This is a guest post from Mysti Parker’s blog:
“I’ve always loved having artwork to accompany my books, which dates back to when I used to read comics and manga. Art as a medium really interests me – but I myself can’t draw for toffee!…”: The Art of Finding Artists by Dan Wright
Here’s a thought-provoking article by John Scalzi on the use–and overuse–of semicolons. I confess that I also love semicolons, but now I’ll be more careful: Pacing…
Theakston’s Old Peculier Crime Writing Festival 2014 (part 2) by Morgen Bailey: Crime Panels
Thanks to David Lee Summers for including Strike Three on his blog: http://dlsummers.wordpress.com/2014/07/28/strike-three/
In her novel, Strike Three, Joy V. Smith introduces us to the aftermath of World War III, a short battle that claimed the lives of the majority of the Earth’s population. The survivors of the war that turned the planet brown, those who went underground well prepared, and those who survived in spite of poor planning, returned to find the world outside their caves, fallout shelters, missile silos and communication bunkers completely barren. Nothing had survived a “hot virus” that had been unleashed onto the world by an unknown enemy. Some places were obliterated by nuclear bombs, but the most severe devastation took place in the plant and animal worlds. Even the insects perished. Sheridan and Lea Zane emerged into the new world ready to organize a recovery of the planet, or at least their corner of it. They had plants and wildlife enough for their own survival, but they reached out to other survivors as they returned to the surface and began to reestablish their homes and farms. Soon, the development of a trade route brought hope to the many settlements that formed; hope that the nation and, indeed, the planet could be saved.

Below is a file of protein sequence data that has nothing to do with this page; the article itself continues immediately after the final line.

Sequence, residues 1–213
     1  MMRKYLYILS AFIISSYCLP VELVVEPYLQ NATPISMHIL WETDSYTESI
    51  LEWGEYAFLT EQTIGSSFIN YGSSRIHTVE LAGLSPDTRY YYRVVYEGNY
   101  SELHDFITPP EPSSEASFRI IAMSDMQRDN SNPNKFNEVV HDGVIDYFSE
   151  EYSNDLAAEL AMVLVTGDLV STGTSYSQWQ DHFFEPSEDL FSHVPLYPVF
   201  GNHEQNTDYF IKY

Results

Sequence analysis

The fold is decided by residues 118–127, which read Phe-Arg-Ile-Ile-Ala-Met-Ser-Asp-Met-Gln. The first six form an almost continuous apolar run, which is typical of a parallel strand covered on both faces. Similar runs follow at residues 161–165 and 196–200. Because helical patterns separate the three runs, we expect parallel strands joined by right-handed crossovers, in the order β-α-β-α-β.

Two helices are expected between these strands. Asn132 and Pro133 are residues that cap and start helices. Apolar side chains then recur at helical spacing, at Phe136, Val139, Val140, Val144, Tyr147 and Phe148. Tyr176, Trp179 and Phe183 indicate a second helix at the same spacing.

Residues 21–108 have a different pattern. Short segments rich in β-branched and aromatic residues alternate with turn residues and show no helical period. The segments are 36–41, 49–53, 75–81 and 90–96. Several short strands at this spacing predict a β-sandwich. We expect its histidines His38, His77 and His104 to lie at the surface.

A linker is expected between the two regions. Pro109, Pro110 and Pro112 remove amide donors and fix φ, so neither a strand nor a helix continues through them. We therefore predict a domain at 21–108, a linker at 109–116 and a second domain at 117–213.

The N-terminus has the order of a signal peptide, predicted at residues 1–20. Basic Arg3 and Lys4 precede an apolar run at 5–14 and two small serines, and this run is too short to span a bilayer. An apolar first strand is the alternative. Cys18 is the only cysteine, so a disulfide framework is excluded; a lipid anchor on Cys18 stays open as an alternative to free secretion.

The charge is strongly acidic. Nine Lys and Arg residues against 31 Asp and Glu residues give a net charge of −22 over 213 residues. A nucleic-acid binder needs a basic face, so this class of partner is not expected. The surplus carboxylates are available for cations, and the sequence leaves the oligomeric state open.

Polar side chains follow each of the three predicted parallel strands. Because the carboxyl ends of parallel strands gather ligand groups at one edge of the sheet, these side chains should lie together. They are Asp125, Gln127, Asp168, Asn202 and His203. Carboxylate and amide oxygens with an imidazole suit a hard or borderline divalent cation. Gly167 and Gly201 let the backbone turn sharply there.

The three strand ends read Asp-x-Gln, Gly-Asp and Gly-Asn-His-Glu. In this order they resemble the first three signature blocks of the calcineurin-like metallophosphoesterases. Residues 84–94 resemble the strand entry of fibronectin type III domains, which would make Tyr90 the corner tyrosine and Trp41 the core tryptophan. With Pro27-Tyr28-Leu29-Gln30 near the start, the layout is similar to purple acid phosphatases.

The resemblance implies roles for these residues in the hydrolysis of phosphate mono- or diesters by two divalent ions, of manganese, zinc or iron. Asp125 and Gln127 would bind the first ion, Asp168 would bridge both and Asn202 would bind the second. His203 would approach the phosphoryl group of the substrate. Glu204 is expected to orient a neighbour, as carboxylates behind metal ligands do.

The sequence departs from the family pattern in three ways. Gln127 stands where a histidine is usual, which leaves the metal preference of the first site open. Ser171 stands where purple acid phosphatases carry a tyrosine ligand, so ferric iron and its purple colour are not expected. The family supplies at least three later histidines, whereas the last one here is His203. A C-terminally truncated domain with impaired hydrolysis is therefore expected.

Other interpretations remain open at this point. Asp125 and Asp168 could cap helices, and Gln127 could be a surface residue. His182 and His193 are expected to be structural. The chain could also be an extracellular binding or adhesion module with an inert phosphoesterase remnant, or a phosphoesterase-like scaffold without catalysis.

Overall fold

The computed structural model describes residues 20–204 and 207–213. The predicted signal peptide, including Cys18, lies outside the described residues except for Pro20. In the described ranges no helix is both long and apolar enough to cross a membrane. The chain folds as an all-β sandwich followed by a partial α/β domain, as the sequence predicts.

This story grabbed me from the start and would not let go. I read it in three sittings. Along with the plot moving at lightning speed, the characters are real and interesting in the way they react to the situation they have inherited. For the science freak, there is enough detail about the devastation and recovery to keep you going. There is also adventure, a bit of action and even politics. I happily recommend this book to a general audience.